On the flip side, stock market capitalization is limited in what it can tell you. Â The biggest downfall of this particular metric is that it does not factor into consideration a companyâ€™s debt.Â Consider Coca-Cola once more. Â The company has around \$67 billion in debt and other liabilities that, were you to buy the entire business, you would be responsible for servicing and repaying.

Â That means, while Coke's stock market capitalization is \$187 billion, it's enterprise value is \$254 billion because, simplified and all else equal, the latter figure is what you would need to not only buy all of the common stock but pay off all the debt, too. To learn more about this topic, read my articleÂ Enterprise Value â€“ Determining the Takeover Value of a Company.

Another major weakness of using stock market capitalization as a proxy for a company's performance is that it does not factor in changes in per share value or distributions such as spin-offs, split-offs, or dividends, which are extremely important in calculating a concept known as total return. Â It seems strange to many new investors but total return can result in an investor making money even if the company itself goes bankrupt.

Â For one historical example, look at the long-term performance of the collapse of Eastman Kodak. Aside from dividends collected over the years, the owners ended up with shares of a chemical company so the fact market capitalization went to zero didn't mean they necessarily lost everything.

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### Using Market Capitalization to Build a Portfolio

A lot professional investors divide their portfolio by market capitalization size. These investors do this because they believe that it allows them to take advantage of the factÂ smaller companies have historically grown faster but larger companies have more stability and pay fatter dividends.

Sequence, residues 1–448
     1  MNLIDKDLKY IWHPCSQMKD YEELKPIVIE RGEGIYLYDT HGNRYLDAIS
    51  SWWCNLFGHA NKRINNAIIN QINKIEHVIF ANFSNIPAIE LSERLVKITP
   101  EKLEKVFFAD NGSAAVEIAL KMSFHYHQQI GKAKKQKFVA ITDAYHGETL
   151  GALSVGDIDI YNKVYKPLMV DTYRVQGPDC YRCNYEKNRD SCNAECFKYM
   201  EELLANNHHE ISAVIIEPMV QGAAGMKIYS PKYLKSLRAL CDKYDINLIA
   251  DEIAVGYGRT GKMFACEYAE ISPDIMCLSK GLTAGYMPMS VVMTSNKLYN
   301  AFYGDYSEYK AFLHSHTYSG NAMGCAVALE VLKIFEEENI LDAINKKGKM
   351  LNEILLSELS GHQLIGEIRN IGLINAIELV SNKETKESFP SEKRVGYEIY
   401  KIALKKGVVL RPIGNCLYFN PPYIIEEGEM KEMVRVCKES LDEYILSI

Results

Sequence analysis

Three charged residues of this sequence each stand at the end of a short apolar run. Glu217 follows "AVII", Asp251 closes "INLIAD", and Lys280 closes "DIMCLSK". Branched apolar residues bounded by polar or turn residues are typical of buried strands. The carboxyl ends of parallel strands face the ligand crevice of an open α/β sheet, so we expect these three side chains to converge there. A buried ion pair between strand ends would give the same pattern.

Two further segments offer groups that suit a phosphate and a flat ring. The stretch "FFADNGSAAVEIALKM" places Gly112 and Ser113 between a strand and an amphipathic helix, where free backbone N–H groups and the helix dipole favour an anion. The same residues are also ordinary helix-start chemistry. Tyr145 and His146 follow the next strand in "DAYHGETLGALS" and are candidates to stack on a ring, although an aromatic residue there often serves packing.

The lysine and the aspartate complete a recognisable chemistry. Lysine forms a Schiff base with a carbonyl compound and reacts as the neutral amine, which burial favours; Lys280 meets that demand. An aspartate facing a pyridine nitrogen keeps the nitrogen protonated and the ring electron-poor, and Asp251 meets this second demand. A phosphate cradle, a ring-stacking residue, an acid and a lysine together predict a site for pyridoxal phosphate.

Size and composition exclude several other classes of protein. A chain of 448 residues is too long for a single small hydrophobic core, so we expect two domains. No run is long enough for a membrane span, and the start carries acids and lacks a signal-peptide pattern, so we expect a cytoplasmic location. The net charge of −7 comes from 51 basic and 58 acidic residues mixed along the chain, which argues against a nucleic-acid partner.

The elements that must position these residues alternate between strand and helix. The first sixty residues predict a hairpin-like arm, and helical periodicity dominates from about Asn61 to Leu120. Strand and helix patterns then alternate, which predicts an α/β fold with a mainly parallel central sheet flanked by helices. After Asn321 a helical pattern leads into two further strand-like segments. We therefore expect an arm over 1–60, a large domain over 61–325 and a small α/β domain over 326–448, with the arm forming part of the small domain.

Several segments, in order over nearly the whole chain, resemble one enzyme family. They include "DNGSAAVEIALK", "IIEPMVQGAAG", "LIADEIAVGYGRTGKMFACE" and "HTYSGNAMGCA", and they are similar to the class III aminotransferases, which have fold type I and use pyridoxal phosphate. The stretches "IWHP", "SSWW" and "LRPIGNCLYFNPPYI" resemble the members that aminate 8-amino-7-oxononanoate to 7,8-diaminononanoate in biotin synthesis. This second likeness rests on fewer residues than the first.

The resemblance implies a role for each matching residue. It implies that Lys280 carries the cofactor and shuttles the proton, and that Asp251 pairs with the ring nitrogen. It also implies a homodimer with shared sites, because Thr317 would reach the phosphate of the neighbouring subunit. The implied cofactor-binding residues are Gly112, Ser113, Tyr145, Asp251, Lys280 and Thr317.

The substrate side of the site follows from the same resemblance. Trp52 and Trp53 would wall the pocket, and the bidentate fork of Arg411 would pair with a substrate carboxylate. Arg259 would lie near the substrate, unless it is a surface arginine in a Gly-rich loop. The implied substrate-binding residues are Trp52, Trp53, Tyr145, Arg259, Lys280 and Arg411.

Here is a breakdown of the type of market capitalization categories you are likely to see referenced when you begin investing. Â Note that the exact definitions tend to be a bit fuzzy around the edges so make sure to pay attention to the specific methodology, especially when the methodology calls for manipulating the actual market capitalization figure for something called a float-weight adjustment, which even S&P 500 index funds have started doing in recent years.

• Micro Cap: The term micro cap refers to a company with a stock market capitalization of less than \$250 million.
• Small Cap: The term small cap refers to a company with a stock market capitalization of \$250 million to \$2 billion.
• Mid Cap: The term mid cap refers to a company with a stock market capitalization of \$2 billion to \$10 billion.
• Large Cap: The term large cap refers to a company with a stock market capitalization of \$10 billion to \$100 billion.
• Mega Cap: The term mega cap refers to a company with a stock market capitalization of more than \$100 billion.

Again, be sure to check the specifics when using these definitions. Â For example, a person might refer to a company with a stock market capitalization of \$5 billion as being large cap under certain circumstances.